The reds are always salmon-colored, terra-cotta, or Indian red; the greens are olive-hued, plum-colored, sage-green; the yellows are as pallid as the leaves of yellow roses. Fresh breaks in the wall of rock may show bright colors that have not yet been weather-worn…. A mountain wall may be dark red within, but it is weather-stained and lichen-covered without. Long-reaching shafts of granite that loom upward from a peak may be yellow at heart but they are silver-gray on the surface. The colors have undergone years of ‘toning down’ until they blend and run together like the faded tints of an Eastern rug.
- John C. Van Dyke, THE DESERT: FURTHER STUDIES IN NATURAL APPEARANCES (1901)
How silently, even swiftly, the days glide by out in the desert, in the waste, in the wilderness! How ‘the morning and the evening make up the day’ and the purple shadow slips in between with a midnight all stars! And how day by day the interest grows in the long overlooked commonplace things of nature! In a few weeks we are studying bushes, bowlders, stones, sand-drifts — things we never thought of looking at in any other country.
|Trail through new snow after April storm in Michigan|
In Leelanau County, Michigan, Up North winter brings opportunities for noticing comings and goings of life that otherwise proceeds invisibly all around, as tracks in the snow tell stories. (Follow link to see more Michigan tracks. There was another, more extensive post of tracks in the woods, but I can't find it.) In spring, when the snow is gone, my dog still gets the news with her nose; I, on the other hand, dependent on vision, have the olfactory equivalent of near-blindness in grass and woods and must await dirt roads or wet shoreline sand to see what she detects on and near the ground. Here in the desert there is more bare earth, thus more signs accessible to sight. On dirt roads, in dusty washes, across the desert itself, there are more tracks and trails for me to see than back in Michigan after snowmelt, but whether here or there, looking for signs and paying attention to them is just as natural to me.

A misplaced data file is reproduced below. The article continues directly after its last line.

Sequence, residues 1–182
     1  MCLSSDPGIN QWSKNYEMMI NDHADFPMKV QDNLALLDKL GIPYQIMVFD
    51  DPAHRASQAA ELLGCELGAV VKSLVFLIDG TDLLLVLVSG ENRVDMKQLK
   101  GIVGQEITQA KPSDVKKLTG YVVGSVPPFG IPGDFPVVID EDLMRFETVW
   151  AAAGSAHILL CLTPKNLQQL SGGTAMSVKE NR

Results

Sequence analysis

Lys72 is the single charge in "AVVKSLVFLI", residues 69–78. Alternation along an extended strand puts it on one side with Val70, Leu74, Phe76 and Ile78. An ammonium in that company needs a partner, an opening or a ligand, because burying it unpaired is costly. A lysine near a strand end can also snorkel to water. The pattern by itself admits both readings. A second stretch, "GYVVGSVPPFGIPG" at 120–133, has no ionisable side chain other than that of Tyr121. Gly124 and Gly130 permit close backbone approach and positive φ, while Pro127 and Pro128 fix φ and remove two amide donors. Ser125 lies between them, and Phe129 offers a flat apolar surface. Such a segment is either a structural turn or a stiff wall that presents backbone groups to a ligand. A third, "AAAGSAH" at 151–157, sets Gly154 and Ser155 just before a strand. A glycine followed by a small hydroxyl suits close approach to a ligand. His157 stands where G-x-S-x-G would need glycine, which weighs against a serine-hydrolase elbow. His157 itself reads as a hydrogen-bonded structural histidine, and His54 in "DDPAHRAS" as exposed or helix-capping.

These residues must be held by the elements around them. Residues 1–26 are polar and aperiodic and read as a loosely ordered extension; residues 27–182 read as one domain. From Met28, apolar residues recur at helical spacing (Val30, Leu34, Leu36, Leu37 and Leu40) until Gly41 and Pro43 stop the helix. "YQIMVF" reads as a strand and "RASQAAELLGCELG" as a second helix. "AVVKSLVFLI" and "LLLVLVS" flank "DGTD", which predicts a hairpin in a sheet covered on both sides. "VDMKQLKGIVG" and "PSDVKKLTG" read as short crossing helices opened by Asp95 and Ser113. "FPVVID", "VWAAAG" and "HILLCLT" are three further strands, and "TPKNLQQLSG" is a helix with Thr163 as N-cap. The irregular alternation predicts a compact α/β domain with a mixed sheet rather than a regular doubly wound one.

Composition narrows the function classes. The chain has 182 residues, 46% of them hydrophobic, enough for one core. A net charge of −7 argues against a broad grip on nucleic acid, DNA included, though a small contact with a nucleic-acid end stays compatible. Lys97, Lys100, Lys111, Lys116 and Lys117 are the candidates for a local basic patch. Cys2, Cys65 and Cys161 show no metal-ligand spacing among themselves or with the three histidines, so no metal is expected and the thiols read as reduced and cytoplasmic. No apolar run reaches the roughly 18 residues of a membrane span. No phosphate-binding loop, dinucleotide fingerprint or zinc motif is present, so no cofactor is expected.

|Cow tracks on road|
|Cow path through mesquite|
Line and tint do not always require significance to be beautiful. There is no tale or text or testimony to be tortured out of the blue sky. It is a splendid body of color; no more.
Those first twenty years of our life we were allowed to sap blood and strength from our surroundings; the last twenty years of our life our surroundings are allowed to sap blood and strength from us. It is Nature’s plan and it is carried out without any feeling. With the same indifferent spirit that she planted in us an eye to see or an ear to hear, she afterward plants a microbe to breed and a cancer to eat. She in herself is both growth and decay. The virile and healthy things of the earth are hers; and so, too, are disease, dissolution, and death. The flower and the grass spring up, they fade, they wither; and Nature neither rejoices in the life nor sorrows in the death. She is neither good nor evil; she is only a great law of change that passeth understanding. The gorgeous pageantry of the earth with all its beauty, the life thereon with its hopes and fears and struggles, and we a part of the universal whole, are brought up from the dust to dance on the green in the sunlight for an hour; and then the procession that comes after us turns the sod and we creep back to Mother Earth. All, all to dust again; and no man to this day knoweth the why thereof.
Individual, type, and species, all shall pass away; and the globe itself become as desert sand blown hither and yon through space.
…not because they develop character …, but simply because they are beautiful in themselves and good to look upon whether they be life or death.